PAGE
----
Peer support overview

Peer support occurs when people share their experiences or knowledge, and provide emotional, social or practical help to each other. 

What is peer support?

Peer support can include a range of activities, from informal conversation between peers, through to formal programs that might involve trained and paid peer support workers. It can take place in person, or over the telephone or internet; between two people, a small group or within a large group[1].

Peer support amongst young people recognises their skills and abilities in helping others to solve problems[2]. It involves training and supporting young leaders, to share information with peers who have similar characteristics, in order to achieve positive health outcomes[3].

In the context of the Local Drug Action Team Program, peer support programs focus on preventing alcohol and other drug (AOD) harms. They do not focus on AOD treatment or recovery, and are not provided by people who have a personal experience of AOD misuse.

Which target audience should peer support programs focus on?

Peer support programs have been shown to be effective with young people aged 6-30 years. Peer support is particularly beneficial for young people who are experiencing life transitions (e.g. through adolescence, secondary school, or into the workforce) and those who are socially isolated.

Peer Support

How does peer support help to prevent alcohol and drug-related issues?

Young people frequently turn to their peers for information and advice, and research has demonstrated that peers affect the health behaviour of their group members[4]. AOD peer support programs draw on the credibility that young people have with their peers to encourage healthy role modelling, deliver persuasive messages and positively influence young people’s knowledge, attitudes, values and behaviour to prevent AOD harms.

Peer support programs are flexible and can be delivered in different environments, and are particularly good at accessing socially isolated, hard-to-reach, or ‘hidden’ population groups.

Peer support programs help to promote the development of positive peer relationships and reduce social isolation, enhance problem solving and decision-making skills, foster resilience, deal effectively with bullying behaviours, and positively impact young people’s sense of self-confidence and self-worth[5]. Peer support helps to enhance the mental, social and emotional wellbeing of young people and create an increased sense of belonging and connectedness, which protects against AOD related issues[5].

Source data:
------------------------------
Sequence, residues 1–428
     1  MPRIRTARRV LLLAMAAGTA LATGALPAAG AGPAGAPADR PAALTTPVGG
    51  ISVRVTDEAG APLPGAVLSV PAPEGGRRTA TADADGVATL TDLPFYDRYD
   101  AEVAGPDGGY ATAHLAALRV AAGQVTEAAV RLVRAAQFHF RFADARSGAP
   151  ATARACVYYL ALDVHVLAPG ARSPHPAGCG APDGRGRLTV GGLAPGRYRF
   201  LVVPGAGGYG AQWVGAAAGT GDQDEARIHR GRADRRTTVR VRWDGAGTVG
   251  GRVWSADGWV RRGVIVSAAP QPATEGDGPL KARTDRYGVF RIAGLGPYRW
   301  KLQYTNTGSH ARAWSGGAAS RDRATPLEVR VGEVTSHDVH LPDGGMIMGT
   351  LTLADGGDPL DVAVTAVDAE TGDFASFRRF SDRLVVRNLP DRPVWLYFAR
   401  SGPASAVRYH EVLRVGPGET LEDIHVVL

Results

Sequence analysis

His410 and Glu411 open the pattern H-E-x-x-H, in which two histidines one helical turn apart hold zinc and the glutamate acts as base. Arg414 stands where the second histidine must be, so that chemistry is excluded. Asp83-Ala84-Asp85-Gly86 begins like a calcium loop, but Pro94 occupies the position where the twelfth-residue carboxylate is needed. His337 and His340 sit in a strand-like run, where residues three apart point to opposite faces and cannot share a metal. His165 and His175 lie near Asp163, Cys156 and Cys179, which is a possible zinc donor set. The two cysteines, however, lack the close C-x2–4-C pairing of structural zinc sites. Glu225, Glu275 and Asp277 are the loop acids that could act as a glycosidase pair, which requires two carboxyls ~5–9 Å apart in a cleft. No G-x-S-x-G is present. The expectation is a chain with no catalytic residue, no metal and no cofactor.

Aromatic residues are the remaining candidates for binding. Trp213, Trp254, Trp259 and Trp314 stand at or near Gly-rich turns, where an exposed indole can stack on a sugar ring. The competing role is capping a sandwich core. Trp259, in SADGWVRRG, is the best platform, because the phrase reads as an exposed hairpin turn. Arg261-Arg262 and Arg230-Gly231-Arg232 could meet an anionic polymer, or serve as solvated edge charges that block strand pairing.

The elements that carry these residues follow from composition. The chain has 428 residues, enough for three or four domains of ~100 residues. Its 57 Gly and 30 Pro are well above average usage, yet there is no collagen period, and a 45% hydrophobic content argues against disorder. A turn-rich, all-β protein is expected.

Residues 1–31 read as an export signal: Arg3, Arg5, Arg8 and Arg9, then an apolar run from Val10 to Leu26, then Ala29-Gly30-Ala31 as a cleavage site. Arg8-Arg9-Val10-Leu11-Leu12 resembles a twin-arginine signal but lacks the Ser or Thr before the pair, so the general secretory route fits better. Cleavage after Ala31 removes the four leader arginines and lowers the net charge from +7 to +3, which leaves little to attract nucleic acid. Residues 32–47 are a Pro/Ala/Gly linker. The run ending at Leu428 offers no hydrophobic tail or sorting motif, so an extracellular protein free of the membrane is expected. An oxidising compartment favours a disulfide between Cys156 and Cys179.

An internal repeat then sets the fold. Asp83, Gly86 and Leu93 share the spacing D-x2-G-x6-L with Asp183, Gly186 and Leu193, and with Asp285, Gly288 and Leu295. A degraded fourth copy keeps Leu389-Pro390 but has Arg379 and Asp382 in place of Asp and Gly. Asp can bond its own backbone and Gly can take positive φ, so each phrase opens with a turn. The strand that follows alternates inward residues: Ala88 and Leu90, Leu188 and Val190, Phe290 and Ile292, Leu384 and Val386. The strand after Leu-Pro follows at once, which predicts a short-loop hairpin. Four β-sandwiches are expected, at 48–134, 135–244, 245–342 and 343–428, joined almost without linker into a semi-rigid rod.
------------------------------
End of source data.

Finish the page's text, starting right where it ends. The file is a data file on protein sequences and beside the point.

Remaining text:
How effective are peer support programs?

AOD peer support programs can be effective provided they are based on principles of effective practice. See Peer support planning - What works and what doesn’t work.

The potential for AOD harms to affect young people is influenced by a range of factors that occur in the many different domains of their lives, including the community, family and school. Influencing young people through their social networks (i.e. their peers) is an effective way to prevent AOD harms and achieve positive health outcomes. Peer support that forms part of a broader community approach to preventing AOD harms are much more effective than those that stand alone[4].

AOD peer support programs can help to prevent or delay the start of drug use, and reduce young peoples’ drug use. As the risks attached to alcohol and other drug use escalates when drug use is started early, AOD prevention that delays use even by a year may reduce short- and long-term harm.

Peer support is also empowering and beneficial for peer leaders involved in the program[4].

There is a growing body of evidence suggesting that alcohol and drug-related risk and harm are caused by the same factors as other health and social outcomes such as youth suicide, social dislocation, mental health and sexual health problems, and that prevention and early intervention that addresses these factors (e.g. resilience, social connection) can make a difference across those outcomes.

[1]State Government Victoria 2012, Peer Support: A guide to how people with a disability and carers can help each other to make the most of their disability supports, Department of Human Services, Melbourne.

[2]Turner G 1999, Peer support and young people’s health, Journal of Adolescent Health, 22 p567-72

[3]Bleeker A 2011, Drug use and young people – rationale for the DSP, presented to the 2nd International Conference on Drugs and Young People: Exploring the Bigger Picture, Melbourne: Australian Drug Foundation

[4]DrugInfo Clearinghouse 2006, Prevention Research Quarterly: Current evidence evaluated – Peer education, Australian Drug Foundation, West Melbourne.

[5]Lee-Ann Marsh, Coordinator of Wellbeing, Toorak College, Developing capability – peer support mentoring, Available at: peersupport.edu.au/wp-content/uploads/2014/08/Alliance-of-girls-schools-publication.pdf

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Please get in touch to find out more about the program